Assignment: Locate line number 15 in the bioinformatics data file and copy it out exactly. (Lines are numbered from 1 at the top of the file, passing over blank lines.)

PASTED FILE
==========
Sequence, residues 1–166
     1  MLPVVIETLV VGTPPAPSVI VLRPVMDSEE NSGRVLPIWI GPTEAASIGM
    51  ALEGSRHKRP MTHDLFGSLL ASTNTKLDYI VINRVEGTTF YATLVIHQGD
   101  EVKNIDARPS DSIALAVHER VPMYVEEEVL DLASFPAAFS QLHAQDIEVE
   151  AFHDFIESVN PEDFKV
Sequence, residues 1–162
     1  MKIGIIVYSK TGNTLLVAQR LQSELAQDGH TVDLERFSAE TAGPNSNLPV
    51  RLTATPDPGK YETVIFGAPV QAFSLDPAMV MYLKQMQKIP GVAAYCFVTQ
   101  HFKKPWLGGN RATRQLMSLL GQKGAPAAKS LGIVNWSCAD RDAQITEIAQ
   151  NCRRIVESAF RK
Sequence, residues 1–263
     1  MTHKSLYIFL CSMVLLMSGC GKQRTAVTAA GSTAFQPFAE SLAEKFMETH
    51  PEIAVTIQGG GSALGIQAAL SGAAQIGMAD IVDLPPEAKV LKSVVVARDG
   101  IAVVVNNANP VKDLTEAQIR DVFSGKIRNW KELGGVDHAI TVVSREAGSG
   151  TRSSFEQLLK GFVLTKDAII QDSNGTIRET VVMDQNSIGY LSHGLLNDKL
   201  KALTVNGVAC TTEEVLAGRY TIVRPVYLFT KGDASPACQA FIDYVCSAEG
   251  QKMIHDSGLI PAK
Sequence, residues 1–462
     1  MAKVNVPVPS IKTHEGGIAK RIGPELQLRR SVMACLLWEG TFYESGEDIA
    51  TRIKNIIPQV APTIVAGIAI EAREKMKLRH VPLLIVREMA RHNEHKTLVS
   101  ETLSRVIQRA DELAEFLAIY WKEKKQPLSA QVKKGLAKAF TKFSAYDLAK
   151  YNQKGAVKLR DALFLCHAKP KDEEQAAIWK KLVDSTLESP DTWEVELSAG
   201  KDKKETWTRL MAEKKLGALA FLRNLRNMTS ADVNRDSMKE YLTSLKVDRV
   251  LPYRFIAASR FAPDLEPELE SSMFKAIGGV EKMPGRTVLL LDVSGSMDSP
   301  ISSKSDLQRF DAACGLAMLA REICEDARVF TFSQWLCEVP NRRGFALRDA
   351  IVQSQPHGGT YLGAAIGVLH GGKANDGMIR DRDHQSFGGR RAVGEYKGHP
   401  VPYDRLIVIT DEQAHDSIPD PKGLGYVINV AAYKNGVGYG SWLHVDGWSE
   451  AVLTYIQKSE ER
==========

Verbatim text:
   151  TRSSFEQLLK GFVLTKDAII QDSNGTIRET VVMDQNSIGY LSHGLLNDKL